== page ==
Psychosocial Therapy for Schizophrenics
Psychosocial Therapy for Schizophrenics: Integrated Treatment for Co-occurring Substance Abuse
Substance abuse is the most common co-occurring disorder in people with schizophrenia, but ordinary substance abuse treatment programs usually do not address this population's special needs. When schizophrenia treatment programs and drug treatment programs are integrated, better outcomes are the result.
Psychosocial Therapy for Schizophrenics: Rehabilitation
Rehabilitation emphasizes social and vocational training to help people with schizophrenia function more effectively in the community. Because people with schizophrenia frequently become ill during the critical career-forming years of life (ages 18-35), and because the disease often interferes with normal cognitive functioning, most patients do not receive the training required for skilled work. Rehabilitation programs can include:
- Vocational counseling
- Job training
- Money management
- Learning to use public transportation
- Practicing social and workplace communication skills.
Psychosocial Therapy for Schizophrenics: Family Education
Patients with schizophrenia are often discharged from the hospital into the care of their families, so it is important that family members know as much as possible about the disease in order to prevent relapses. Family members should learn how to use different kinds of treatment adherence programs and have an arsenal of coping strategies and problem-solving skills to effectively manage their ill relative. Knowing where to find outpatient and family services that support people with schizophrenia and their caregivers is also valuable.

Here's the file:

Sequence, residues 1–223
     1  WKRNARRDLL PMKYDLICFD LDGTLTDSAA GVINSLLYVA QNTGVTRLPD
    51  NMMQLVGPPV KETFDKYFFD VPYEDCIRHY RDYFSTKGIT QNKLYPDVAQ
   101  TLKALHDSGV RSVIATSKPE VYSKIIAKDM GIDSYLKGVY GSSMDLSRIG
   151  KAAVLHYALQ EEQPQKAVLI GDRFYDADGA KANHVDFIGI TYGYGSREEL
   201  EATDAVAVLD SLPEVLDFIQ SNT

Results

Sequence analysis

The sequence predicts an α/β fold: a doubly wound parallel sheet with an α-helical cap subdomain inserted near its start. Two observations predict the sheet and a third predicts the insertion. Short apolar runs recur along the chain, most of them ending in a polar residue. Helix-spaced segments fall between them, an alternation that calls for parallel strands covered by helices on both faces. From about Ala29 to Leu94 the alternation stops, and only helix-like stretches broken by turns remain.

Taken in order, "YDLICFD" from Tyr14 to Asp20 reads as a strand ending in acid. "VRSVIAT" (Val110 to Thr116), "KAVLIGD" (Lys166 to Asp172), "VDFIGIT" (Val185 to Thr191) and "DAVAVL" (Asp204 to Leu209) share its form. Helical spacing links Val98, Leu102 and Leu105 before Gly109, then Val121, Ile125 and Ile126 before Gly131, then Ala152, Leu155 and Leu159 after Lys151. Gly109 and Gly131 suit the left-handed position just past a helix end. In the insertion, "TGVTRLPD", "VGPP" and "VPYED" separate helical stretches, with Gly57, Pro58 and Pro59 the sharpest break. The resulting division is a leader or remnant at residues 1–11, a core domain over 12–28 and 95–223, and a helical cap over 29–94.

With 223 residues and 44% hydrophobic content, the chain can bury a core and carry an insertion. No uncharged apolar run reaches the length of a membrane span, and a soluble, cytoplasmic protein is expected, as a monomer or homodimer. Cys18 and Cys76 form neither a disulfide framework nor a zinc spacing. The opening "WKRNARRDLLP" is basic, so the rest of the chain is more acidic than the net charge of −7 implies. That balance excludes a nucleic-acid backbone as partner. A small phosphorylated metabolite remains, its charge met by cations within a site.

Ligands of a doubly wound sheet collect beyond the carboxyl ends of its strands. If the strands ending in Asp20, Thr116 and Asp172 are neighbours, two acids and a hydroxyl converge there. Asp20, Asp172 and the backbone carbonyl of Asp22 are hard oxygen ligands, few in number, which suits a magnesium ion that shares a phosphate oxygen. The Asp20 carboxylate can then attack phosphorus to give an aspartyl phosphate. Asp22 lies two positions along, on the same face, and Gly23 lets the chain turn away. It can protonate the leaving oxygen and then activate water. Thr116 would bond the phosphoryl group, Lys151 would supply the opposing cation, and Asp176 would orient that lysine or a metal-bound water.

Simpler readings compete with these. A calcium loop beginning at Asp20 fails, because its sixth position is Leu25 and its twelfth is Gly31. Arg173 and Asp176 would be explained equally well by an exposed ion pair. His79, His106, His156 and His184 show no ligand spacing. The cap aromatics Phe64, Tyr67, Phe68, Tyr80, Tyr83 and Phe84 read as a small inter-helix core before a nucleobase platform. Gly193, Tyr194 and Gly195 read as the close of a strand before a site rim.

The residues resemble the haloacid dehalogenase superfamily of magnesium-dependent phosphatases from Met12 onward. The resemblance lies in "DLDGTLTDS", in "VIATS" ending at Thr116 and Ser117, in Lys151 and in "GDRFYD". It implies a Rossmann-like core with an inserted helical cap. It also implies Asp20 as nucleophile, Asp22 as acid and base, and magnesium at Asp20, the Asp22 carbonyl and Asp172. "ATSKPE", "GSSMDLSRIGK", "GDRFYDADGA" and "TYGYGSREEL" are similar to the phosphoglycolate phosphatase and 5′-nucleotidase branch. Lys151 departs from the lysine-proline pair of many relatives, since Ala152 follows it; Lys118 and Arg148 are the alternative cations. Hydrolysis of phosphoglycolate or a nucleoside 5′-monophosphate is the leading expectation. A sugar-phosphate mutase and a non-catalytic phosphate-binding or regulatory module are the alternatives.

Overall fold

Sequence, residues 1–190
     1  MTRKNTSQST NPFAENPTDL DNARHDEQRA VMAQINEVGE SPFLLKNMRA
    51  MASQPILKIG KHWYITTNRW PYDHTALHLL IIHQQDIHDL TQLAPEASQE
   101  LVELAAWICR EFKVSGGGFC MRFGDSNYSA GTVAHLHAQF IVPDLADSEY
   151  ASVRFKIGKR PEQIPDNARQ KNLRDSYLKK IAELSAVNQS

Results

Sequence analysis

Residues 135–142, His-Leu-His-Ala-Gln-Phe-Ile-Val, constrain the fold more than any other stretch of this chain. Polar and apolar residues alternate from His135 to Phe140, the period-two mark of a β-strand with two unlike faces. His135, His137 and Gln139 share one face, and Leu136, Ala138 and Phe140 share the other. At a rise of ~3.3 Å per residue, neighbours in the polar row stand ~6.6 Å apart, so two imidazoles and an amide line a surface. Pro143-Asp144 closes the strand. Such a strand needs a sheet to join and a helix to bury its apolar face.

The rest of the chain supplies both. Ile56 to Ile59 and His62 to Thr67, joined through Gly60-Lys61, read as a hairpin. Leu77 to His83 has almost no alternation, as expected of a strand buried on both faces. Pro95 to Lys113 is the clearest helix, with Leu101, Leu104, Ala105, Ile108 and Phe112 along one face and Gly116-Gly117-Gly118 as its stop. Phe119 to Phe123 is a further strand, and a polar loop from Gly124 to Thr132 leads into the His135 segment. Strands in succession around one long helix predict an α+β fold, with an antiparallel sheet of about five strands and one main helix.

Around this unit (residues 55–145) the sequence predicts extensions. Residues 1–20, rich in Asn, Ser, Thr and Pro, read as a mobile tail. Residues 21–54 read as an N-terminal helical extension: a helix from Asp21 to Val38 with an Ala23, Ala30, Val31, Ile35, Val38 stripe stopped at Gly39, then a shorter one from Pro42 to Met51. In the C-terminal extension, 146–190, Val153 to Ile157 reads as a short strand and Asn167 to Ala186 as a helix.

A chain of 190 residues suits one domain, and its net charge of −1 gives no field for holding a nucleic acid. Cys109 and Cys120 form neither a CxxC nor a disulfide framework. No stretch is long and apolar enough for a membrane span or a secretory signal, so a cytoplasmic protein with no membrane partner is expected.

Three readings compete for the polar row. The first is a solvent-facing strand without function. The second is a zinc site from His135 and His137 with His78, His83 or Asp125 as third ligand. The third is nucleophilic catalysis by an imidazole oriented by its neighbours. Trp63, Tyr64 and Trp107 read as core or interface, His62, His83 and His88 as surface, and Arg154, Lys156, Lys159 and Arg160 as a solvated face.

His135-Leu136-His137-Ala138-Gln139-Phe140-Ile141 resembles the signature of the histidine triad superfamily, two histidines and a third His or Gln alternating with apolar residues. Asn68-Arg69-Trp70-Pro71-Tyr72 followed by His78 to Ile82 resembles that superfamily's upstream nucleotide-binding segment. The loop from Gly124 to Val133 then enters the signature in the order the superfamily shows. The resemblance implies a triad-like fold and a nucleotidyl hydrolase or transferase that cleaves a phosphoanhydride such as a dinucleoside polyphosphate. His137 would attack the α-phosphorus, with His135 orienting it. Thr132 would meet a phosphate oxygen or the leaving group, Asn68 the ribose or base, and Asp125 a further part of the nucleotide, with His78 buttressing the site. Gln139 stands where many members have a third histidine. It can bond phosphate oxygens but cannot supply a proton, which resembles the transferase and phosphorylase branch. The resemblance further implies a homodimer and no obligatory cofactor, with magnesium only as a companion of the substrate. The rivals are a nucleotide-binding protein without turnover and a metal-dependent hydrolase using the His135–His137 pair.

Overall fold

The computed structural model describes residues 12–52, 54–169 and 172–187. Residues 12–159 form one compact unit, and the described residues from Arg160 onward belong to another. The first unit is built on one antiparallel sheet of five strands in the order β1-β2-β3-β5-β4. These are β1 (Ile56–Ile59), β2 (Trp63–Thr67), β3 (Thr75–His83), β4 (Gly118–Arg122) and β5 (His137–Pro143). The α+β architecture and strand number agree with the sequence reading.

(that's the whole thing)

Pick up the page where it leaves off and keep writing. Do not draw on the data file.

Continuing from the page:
Psychosocial Therapy for Schizophrenics: Cognitive-Behavioral Therapy
Cognitive-behavioral therapy (CBT) is useful for patients whose symptoms persist even when they take antipsychotic medication. The cognitive therapist teaches people with schizophrenia how to:
- Test the reality of their thoughts and perceptions
- "Not listen" to the voices they hear
- Overcome the apathy that often immobilizes them.
This treatment appears to be effective in reducing the severity of symptoms and decreasing the risk of relapse.